Zen or zen buddhism may be one of the most abused concepts of our time. Does it matter? No.
I use the word “abused” but what I mean is “misused” because zen and mindfulness are often deployed as marketing gimmicks.
A pretty pebble sells for more if you call it a zen pebble and a garden pond becomes more special if you start calling your garden a zen garden, which helps sell ponds.
Zen is not about the pond. It is about the garden.
It is about what is right here, right now.
And it just struck me that that’s where things often go wrong too. Zen does not say “if there is a bear in front of you that is about to attack you, right here, right now, smile at it sweetly because it is probably empathy bear and empathy bear feels your pain”. But that’s what a lot of people seem to think.
Zen says “if there is a bear in front of you that is about to attack you, right here, right now, get out of there but do not forget to grab your rucksack”.
Because if the bear gets you, it won’t matter whether you took your rucksack or not, but if the bear doesn’t, it will.
When you fall off a cliff, get stuck on a branch and find tigers waiting below and a juicy ripe berry in front of you, go for the berry because it won’t matter to the tigers. But it will make a difference for you, regardless of whether the tigers get you or not.
Zen is practical. Zen says “look after your garden and stop obsessing over the damn pond.” The garden will bring you food. The pond won’t. Zen also says “don’t discriminate between people with pond and people without pond”.
A veggie patch is much more zen than a pond (unless the pond was already there anyway).
Zen is about letting go of the idea that you have to have a pond.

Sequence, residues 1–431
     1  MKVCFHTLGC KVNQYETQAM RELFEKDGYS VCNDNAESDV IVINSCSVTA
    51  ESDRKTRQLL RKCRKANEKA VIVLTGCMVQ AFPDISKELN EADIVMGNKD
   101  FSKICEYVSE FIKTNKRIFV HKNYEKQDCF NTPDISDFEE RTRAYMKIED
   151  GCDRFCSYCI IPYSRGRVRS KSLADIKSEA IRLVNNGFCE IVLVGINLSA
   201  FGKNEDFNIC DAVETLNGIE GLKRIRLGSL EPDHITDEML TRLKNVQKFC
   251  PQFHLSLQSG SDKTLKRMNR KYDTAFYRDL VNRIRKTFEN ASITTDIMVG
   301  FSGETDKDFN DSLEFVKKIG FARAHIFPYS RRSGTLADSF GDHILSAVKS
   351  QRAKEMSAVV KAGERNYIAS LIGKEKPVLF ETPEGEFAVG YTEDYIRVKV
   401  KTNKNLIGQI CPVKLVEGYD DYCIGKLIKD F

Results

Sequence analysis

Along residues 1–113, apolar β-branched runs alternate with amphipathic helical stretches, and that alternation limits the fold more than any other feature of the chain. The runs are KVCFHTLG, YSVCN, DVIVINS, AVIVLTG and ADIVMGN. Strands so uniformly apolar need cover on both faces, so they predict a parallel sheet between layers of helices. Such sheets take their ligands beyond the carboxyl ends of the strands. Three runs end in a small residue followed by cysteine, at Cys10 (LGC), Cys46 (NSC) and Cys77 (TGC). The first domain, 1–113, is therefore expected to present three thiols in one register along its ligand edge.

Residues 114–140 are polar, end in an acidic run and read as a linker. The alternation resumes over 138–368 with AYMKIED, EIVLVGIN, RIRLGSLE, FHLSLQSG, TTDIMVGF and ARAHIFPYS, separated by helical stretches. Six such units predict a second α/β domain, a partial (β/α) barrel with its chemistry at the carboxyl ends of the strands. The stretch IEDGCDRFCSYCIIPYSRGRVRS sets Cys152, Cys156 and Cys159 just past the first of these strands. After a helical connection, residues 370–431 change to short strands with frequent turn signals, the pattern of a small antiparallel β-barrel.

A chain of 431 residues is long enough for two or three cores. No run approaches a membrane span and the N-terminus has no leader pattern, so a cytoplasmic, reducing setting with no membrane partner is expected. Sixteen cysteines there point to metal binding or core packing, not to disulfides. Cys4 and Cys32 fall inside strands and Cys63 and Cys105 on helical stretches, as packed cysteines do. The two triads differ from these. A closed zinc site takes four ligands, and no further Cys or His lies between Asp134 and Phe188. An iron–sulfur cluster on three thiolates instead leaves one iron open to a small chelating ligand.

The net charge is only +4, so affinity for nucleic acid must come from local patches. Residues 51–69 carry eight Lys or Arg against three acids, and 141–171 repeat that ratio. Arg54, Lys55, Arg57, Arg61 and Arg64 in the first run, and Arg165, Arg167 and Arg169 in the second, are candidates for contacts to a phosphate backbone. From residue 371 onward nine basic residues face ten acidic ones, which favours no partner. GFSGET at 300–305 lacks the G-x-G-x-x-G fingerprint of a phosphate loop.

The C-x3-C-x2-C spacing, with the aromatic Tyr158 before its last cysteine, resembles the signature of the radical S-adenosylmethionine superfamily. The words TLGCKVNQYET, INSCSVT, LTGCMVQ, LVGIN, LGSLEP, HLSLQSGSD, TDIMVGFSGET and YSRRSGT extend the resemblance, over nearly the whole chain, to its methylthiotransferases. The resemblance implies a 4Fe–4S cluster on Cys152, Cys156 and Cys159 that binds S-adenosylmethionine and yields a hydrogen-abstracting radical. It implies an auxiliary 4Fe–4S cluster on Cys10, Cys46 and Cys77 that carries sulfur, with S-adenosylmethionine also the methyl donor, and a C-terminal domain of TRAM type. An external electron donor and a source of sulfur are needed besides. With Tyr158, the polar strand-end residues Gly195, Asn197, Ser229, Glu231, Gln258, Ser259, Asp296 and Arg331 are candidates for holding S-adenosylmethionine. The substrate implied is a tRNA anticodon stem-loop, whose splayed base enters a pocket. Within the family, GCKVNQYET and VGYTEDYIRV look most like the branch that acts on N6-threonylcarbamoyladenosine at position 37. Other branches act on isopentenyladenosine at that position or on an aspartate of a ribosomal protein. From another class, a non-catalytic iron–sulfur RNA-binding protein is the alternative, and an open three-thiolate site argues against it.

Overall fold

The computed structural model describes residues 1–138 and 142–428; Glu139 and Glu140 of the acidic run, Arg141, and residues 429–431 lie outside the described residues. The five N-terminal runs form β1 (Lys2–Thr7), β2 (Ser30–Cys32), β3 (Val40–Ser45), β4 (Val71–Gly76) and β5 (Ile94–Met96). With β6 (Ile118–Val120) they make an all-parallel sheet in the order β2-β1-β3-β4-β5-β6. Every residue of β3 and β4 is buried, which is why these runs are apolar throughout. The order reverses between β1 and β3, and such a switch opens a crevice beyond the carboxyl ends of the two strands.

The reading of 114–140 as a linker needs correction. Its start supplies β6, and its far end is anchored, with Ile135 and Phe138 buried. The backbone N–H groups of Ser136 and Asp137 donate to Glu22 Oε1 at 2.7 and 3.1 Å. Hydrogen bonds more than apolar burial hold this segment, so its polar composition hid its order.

Zen is not about hedonism either, however. That would be the same as obsessing over the pond.
Millennials, we are told, have a different attitude to work than their elders. They want to work for organisations committed to values and ethics, where there is a higher purpose than simply making a profit.
Businesses wanting to attract the best millennial talent might therefore learn a few lessons from ancient spiritual teachings, such as those of Buddhism. The fourth largest religion in the world has been focused on attaining a higher meaning and following the path to moksha – liberation – since the sixth century.
Organisations, especially in the non-profit and charity sector, can re-energise their employees by aligning the way they measure performance with the principles of Buddhism. This could also improve productivity, an important measure of economic activity and living standards.
These were the findings of our research. We interviewed 63 executives from not-for-profit organisations and found that most had simply imported practices and strategic models from the business world to measure their performance. Unfortunately, this is a world driven by maximising profit, which goes against the underlying purposes of these organisations.
Engaged and energised
Manystudies have established that most staff are not only motivated by money, while the carrot and stick approach, which mixes reward and punishment, is also outdated. Employee engagement is now the ultimate goal for managers and it involves more than just job satisfaction.
It might be that an individual is perfectly content with a job and yet not engaged in it. Instead, engagement is found where work is absorbing, and to which employees feel naturally dedicated; work that one gets wrapped up in and is energised by. Engaged employees are prepared to go beyond the call of duty and actually drive the business; they show up because they want to, not because they have to.